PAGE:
Brown is a versatile color that gives many possible applications, but you may not always be able to find it in your art supplies. It can possible by mixing up a variety of primary colors such as red, blue, and yellow.
The process to Make Brown Paint
1. Squeeze a small amount of each color onto your mixing surface
Add red, blue, and yellow paints close together on your palette. The exact amount you use will be depending on how much brown paint you need in your painting. Making brown color from primary colors is easy to get by adding the right quantity of colors into the palette.
2. Blend colors together thoroughly
Drag the tip of a palette knife into the inner edges of all three paints to pull them to the center. Then slide the flat bottom surface over the paints in a circular motion, moderately working your way outward to pick up more and more of each color.
If you are working with watercolors, oil sticks, or a similar medium layer your primary color on the top of one another in light coats until you obtain the desired color, creamy, and rich brown.
3. Add a tip of white to give your brown more depth
Now it’s time to add the base to your brown shade, dab white paint until it disappears finally. Be careful not to add too much or just add 1/3 or less of the amount of your total quantity.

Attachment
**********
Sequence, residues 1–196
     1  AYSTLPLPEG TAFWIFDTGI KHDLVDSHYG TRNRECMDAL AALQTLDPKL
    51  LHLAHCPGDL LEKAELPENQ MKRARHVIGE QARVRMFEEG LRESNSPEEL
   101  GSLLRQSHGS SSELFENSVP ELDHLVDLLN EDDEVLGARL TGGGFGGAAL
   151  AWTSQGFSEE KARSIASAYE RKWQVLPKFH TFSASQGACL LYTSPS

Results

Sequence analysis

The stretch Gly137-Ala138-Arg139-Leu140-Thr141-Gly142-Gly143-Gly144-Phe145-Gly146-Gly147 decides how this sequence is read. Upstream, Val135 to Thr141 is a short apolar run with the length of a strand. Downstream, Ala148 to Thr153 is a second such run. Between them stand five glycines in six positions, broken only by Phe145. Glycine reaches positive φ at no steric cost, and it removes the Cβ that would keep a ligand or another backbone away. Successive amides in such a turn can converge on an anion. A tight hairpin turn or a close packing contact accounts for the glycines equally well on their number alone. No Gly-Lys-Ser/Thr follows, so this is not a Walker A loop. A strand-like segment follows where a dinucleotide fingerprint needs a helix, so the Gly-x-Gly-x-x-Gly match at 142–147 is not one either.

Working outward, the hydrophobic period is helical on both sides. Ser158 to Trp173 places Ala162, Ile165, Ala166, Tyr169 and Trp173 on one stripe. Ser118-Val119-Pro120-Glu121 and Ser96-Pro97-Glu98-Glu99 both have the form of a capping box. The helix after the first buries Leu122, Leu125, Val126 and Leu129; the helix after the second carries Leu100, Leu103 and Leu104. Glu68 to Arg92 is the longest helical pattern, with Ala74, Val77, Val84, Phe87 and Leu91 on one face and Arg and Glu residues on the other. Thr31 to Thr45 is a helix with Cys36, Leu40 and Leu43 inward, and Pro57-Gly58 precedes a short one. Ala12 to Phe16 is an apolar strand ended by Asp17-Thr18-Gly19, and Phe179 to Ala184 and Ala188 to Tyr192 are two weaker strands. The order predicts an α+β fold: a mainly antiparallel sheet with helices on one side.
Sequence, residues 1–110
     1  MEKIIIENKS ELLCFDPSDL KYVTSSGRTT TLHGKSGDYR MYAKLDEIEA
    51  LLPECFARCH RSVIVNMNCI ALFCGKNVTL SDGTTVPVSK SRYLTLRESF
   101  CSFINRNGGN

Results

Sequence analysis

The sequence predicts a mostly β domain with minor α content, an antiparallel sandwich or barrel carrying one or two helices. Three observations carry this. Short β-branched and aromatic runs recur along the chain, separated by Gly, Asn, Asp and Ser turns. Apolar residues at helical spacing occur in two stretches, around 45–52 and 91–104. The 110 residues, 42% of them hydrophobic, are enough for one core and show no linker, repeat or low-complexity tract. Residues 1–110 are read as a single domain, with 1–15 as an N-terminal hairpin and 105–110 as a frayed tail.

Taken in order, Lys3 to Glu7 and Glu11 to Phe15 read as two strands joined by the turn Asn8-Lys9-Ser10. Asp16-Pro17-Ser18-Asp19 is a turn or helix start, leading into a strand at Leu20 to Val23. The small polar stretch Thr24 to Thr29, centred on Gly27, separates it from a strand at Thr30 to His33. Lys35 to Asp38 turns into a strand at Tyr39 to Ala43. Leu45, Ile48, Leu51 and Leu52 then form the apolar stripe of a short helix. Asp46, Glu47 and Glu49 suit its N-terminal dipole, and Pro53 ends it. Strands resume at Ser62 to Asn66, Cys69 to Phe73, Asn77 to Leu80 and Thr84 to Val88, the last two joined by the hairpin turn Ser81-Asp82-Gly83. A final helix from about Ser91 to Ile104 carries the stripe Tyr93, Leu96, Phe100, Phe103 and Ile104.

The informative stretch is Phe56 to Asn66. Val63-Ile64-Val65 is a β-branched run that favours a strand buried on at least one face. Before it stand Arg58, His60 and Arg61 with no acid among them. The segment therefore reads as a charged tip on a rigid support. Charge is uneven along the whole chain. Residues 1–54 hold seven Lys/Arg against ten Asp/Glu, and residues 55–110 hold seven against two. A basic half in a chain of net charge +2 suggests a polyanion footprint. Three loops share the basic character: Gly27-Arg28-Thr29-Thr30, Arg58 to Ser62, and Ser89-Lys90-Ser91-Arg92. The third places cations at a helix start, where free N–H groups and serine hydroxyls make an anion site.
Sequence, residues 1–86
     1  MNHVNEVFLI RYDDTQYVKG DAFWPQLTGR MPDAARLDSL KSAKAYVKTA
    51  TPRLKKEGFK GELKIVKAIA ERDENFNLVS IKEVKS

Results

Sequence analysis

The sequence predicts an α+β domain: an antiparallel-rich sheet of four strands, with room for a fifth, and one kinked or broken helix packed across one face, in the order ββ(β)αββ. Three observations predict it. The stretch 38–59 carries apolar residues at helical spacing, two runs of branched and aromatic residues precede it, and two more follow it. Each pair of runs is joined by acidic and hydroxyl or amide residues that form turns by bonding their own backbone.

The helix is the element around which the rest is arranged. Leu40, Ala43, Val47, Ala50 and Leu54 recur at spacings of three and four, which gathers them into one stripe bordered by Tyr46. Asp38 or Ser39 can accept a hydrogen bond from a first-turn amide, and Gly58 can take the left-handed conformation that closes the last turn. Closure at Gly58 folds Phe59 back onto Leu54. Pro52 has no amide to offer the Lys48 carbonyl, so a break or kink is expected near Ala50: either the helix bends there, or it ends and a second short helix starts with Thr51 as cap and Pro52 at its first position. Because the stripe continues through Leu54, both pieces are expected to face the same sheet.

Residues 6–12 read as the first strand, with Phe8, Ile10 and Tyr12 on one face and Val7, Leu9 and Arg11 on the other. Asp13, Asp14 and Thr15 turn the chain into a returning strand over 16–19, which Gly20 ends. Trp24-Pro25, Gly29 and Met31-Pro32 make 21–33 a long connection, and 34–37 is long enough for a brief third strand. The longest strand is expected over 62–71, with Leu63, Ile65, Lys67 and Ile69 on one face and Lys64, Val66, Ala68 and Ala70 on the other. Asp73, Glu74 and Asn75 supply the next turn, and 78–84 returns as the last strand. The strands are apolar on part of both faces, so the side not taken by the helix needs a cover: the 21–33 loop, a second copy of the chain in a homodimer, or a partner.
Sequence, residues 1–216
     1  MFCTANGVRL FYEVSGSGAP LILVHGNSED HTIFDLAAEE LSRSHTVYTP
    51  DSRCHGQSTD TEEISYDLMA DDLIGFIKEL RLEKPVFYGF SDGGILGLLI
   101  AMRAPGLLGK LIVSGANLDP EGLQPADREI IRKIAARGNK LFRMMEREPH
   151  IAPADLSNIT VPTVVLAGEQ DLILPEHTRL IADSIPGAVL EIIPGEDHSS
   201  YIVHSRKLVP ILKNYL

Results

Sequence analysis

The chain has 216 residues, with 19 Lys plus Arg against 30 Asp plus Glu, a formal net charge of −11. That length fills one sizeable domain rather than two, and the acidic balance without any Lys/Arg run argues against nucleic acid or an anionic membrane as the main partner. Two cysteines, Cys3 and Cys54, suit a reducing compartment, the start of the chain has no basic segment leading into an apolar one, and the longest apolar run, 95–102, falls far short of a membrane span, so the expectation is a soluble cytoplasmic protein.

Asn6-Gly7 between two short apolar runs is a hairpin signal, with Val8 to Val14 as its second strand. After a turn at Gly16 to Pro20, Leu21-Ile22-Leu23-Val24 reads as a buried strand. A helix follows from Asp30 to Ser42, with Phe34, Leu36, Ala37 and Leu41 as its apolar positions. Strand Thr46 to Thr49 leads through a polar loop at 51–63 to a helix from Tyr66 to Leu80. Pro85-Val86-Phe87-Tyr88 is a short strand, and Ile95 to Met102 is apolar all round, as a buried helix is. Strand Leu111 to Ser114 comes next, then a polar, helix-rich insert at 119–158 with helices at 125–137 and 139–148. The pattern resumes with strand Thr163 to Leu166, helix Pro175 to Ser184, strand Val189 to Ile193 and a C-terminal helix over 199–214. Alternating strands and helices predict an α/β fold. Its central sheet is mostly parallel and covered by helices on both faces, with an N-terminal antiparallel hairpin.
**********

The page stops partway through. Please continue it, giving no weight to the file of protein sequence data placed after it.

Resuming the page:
4. Blend blue with orange and get brown
You can use a little less blue than orange as it should make up no more than 35-40% of the total color on your palette. The bluer you put, more of a powdery, or use ruddy browns to bring sun-drenched or rustic features to life.
5. Stir yellow into purple until you get brown on your palette
When you start blending the color you will notice a tinge of dirty brown begins to appear. Keep adding the traces of yellow until you get the particular color you are looking for. You can also get a variety of brown hues ranging from a rose-tinted stoney color to a sandy desert tone that depends on how much amount of yellow you are adding to it.
6. Mix the side amount of red with green to get brown
Layer the red at first and continue adding and mixing as needed to darken the color. Mixing green with red tends to result in an earthy olive-brown at one extreme and a warm burnt-orange at the other side. to get the true color of brown your mixture should be roughly 33-40% red.